The filing includes fresh details after an earlier lawsuit was raised on February 29, which asked for an injunction that would prohibit Fontainebleau from any further attempts to poach employees alongside damages in excess of $15,000.

In the new filing, Wynn accuses its competitor of consistently reaching out to employees on its team to quit and join the Fontainebleau team, despite being bound by noncompete agreements between the two hotels.

“Fontainebleau has repeatedly interfered with, and attempted to interfere with, Wynn’s employment agreements,” Wynn’s attorneys write in the filing. “Given its history, it is likely to continue to do so. For these reasons, Wynn asks this court to enjoin the Fontainebleau defendants from interfering with Wynn’s contractual relationships, including by soliciting third parties to break contractual agreements with Wynn or to refrain from entering into prospective contractual agreements with Wynn.”

According to the motion, Fontainebleau reportedly offered to double the salary of a Wynn employee on at least one occasion.

Fontainebleau officials are yet to comment on the lawsuit.

A judge in Clark County’s business court will make a ruling on the preliminary injunction within the next 30 days.

Fontainebleau accused of ‘smoke and mirrors’ approach

The filing details a specific example of a Senior Executive Director of Entertainment for Wynn Nightlight, Wayne Crane, who has been working at Wynn since April 2010.

Wynn claims that Crane was contacted by Fontainebleau’s Senior Vice President of Nightlife, Michael Waltman, in January 2024, was told he was “not appreciated” at Wynn, and asked what could tempt him to join Fontainebleau. Wynn said he was content but could be open to a move if a major salary bump was on the cards.

Fontainebleau then reportedly told Crane they could work around a noncompete clause in his contract by assigning him to their Miami business, but that he could technically stay in Las Vegas and run both the Miami and Vegas operations from Nevada.

Crane says he signed with Fontainebleau, but upon telling his superiors that he had received an offer – omitting that he had accepted it – was convinced to stay at Wynn thanks to a new three-year contract with a significant pay boost.

“The arrangement had a feeling like it was ‘smoke and mirrors’ to get around the noncompete, but I was comfortable as long as Fontainebleau provided me with indemnity protection,” Crane said.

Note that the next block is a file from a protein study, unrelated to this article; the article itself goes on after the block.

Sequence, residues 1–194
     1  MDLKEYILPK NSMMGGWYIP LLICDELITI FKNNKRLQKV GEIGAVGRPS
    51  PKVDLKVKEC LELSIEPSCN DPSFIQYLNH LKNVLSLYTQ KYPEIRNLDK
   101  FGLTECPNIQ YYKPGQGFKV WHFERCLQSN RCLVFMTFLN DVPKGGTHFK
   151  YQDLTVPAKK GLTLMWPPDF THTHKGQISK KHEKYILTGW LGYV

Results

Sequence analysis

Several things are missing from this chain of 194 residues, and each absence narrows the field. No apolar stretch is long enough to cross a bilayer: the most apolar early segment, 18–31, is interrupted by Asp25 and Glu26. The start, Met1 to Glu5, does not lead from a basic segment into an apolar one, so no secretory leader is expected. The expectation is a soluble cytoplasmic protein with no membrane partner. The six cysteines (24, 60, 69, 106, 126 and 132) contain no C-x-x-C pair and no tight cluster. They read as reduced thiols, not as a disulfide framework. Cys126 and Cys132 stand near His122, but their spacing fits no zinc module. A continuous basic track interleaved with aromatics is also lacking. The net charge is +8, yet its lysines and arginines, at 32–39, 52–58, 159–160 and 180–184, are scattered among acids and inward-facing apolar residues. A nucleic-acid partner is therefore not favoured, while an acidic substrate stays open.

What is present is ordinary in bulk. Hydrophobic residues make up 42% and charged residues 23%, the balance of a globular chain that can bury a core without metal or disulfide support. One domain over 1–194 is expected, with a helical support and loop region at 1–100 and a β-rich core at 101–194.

Unhealthy obsession”: An ongoing Vegas talent war

The earlier lawsuit, filed in February, reveals that leadership at the competing Las Vegas resorts have met before, with Fontainebleau reportedly agreeing to stop attempts to poach executives.

However, according to Wynn, the problem has persisted following an initial instance where David Snyder, a member of the senior leadership opening team for six Wynn resorts across the world, gave notice he would be moving to Fontainebleau on July 8, 2022.

Despite Fontainebleau agreeing to ‘not directly solicit’ Wynn employees as part of a non-solicitation covenant, the hotel allegedly attempted to poach several employees including Crane, sous chefs, and a pastry chef, with Wynn CEO Craig Billings even contacting Fontainebleau CEO Jeff Soffer directly, demanding the practice stop.

“Fontainebleau simply cannot stop interfering with WLV’s employment contracts,” the February 29 lawsuit says. “Fontainebleau’s conduct is demonstrative of an unhealthy obsession with everything Wynn, from its amenities to its employees.”

At the time, Wynn Las Vegas released a statement. “Clearly, we want all operators in Las Vegas to be successful; it’s good for the city in which we all live,” it said. “We just want that to happen without interference in the contractual agreements our employees have negotiated with us.”

With nearly 300 hotels in Las Vegas alone, the competition for talent is stiff. Noncompete clauses, whilst banned in some states, are permitted in Nevada, though it appears they are not enough to stop some hotels from attempting to skirt round the contractual clauses.

A spokesperson told Las Vegas Review-Journal that it’s not an isolated issue. “As the premier resort in Las Vegas, we have had other operators attempt to interfere with our employment contracts and have historically resolved them through negotiation but have not hesitated to protect our rights through litigation,” the spokesman suggested.

Benjamin Broomfield